Red Wings showing ability to push back physically against opponents

Detroit News

Detroit — It was one play, but it spoke loudly of what the Red Wings want to be as a hockey team.

Filip Hronek was behind his own net Friday when Arizona’s Jack McBain came flying and connected with Hronek near the head area.

Not liking what he saw, Michael Rasmussen quickly jumped in and fought McBain. Rasmussen earned a slashing penalty along with the fight, and arguably, Rasmussen probably didn’t win the fight. But it was a needed response showing the Wings weren’t going to be intimidated.

And coach Derek Lalonde liked everything about Rasmussen’s challenge.

“Loved it,” Lalonde said after the Red Wings’ 4-3 victory. “It was an easy kill for us because those mean a lot more. We want to stick up for teammates and that was the right opportunity.”

Hronek, who has been on an offensive tear with six goals in six games and generally been playing the best hockey of his career, appreciated Rasmussen’s gesture.

“Michael’s a great guy,” Hronek said. “He stepped up for me there. I’m thankful for him.”

The Wings don’t have a physically big team, but have shown from the start of the season they’re willing to defend one of their own if needed.

Lalonde felt it was another favorable development to see the Wings stand up to a big, physically tough roster as Arizona’s is.

“There’s going to be games like this,” Lalonde said. “We’re not built like that. But we’re going to need to push back, and sometimes that push back is not 1985, where it’s a five-on-five brawl and gets out of hand like that.

“We’re not built for that type of hockey necessarily all the time, but anybody can push back, and we did that. Stick up for teammates, push back, there’s moments it’s going to get chippy. Don’t want to get pushed around.”

Another form of pushback is going on the power play, and scoring. The Wings had two power-play goals during Friday’s 4-3 shootout victory, making Arizona pay for its over-aggressiveness.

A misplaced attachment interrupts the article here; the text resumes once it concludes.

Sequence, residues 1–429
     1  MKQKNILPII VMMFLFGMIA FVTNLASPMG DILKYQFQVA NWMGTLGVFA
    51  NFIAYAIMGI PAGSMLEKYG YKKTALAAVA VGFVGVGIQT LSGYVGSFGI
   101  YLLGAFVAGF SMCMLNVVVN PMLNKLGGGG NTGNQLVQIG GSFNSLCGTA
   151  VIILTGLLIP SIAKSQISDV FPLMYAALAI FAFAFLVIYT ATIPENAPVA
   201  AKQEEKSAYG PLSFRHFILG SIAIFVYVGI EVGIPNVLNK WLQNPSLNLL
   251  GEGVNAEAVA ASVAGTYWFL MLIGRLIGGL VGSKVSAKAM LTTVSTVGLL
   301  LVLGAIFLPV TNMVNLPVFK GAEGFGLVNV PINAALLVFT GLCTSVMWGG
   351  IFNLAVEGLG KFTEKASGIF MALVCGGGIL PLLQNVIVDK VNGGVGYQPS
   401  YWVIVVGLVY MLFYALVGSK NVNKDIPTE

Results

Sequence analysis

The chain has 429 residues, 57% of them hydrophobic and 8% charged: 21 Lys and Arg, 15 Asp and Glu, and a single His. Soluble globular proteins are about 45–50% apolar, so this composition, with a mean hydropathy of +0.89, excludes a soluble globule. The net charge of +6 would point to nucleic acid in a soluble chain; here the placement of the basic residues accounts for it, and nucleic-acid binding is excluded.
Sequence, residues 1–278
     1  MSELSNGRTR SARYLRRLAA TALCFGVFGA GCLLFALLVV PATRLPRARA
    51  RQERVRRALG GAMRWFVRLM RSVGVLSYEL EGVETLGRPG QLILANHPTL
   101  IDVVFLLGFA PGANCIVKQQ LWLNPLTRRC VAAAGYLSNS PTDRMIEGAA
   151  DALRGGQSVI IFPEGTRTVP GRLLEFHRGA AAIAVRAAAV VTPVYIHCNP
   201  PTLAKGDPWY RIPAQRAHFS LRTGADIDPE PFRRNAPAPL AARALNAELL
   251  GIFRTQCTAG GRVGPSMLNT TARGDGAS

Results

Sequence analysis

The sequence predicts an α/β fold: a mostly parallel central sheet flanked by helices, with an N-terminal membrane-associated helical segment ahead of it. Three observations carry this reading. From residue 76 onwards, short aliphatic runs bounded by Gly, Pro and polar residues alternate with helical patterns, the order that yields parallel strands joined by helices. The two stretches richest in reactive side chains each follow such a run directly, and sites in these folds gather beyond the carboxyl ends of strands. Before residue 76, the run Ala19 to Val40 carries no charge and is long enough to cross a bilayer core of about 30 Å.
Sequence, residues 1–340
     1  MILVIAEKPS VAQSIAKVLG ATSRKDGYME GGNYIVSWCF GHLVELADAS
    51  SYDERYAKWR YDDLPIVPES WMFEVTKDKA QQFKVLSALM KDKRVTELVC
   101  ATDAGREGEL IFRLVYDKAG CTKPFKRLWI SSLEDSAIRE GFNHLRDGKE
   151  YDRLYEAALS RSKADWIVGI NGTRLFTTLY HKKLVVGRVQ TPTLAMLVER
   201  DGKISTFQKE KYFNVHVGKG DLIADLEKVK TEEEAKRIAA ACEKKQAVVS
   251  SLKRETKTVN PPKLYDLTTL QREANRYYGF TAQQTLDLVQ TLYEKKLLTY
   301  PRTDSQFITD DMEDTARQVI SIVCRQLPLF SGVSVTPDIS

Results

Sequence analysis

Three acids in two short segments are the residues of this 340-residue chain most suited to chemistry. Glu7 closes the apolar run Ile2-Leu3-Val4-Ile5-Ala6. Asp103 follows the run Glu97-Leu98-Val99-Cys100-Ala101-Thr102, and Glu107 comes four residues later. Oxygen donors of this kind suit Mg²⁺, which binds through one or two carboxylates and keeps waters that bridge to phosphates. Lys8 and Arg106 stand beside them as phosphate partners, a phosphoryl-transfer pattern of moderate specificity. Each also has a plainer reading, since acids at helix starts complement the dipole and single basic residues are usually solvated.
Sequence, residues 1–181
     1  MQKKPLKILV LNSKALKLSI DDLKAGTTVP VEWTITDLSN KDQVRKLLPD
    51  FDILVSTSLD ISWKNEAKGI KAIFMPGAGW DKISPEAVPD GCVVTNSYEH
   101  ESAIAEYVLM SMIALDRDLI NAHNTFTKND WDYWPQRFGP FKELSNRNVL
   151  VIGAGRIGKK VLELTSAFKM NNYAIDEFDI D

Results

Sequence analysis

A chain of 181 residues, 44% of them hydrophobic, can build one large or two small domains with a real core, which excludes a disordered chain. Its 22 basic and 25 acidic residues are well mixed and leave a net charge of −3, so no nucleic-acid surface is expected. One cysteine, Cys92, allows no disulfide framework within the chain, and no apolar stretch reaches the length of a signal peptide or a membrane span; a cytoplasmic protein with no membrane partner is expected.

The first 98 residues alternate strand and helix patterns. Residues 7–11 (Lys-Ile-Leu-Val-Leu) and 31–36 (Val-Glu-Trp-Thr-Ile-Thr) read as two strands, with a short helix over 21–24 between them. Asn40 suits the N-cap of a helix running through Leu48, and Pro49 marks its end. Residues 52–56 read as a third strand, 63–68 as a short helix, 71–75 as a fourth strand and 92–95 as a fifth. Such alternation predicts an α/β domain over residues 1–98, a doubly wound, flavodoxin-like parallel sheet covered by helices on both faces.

“The power play just gives us huge momentum,” Lalonde said. “Credit to Jay Varady and Alex Tanguay (assistant coaches who oversee power play). They’ve worked hard on it. They have some non-negotiables in our habits on the power play and the guys are starting to buy into it and it’s having success. Even when it’s not scoring it’s giving us momentum because we’re getting a ton of looks on it.”

Hronek on fire

Few players around the NHL are as productive currently as Hronek.

Scoring in his fourth straight game Friday, Hronek joined Mathieu Schneider (2005-06), Nicklas Lidstrom (2000-01) and Reed Larson (1980-81) as the only Wings’ defensemen to accomplish such a streak. Hronek has seven points in his last four games.

“I’m confident (but) it’s more about our team, everything is going well for us,” Hronek said. “Each guy feels better.”

Lalonde sees Hronek being “assertive” on the ice.

“Last game, power play, head down, he pounded the puck, and it was the right play,” Lalonde said. “Same thing (Friday), power play where it’s a broken play off the rush, just head down. I just think guys go through stretches in their game, (where) just they’re really confident. But his overall game is good, and putting himself in these positions. How well he’s playing is giving him confidence.”

Having been around for the last six seasons of missing the playoffs and countless losing, Hronek is enjoying this season’s fine start in the standings.

“It was tough,” said Hronek of the losing. “Nobody wants to lose, and losing a lot. It gets into your head and you go into the game and get scored on and it’s not a great feeling. This feels better.”

Twitter: @tkulfan

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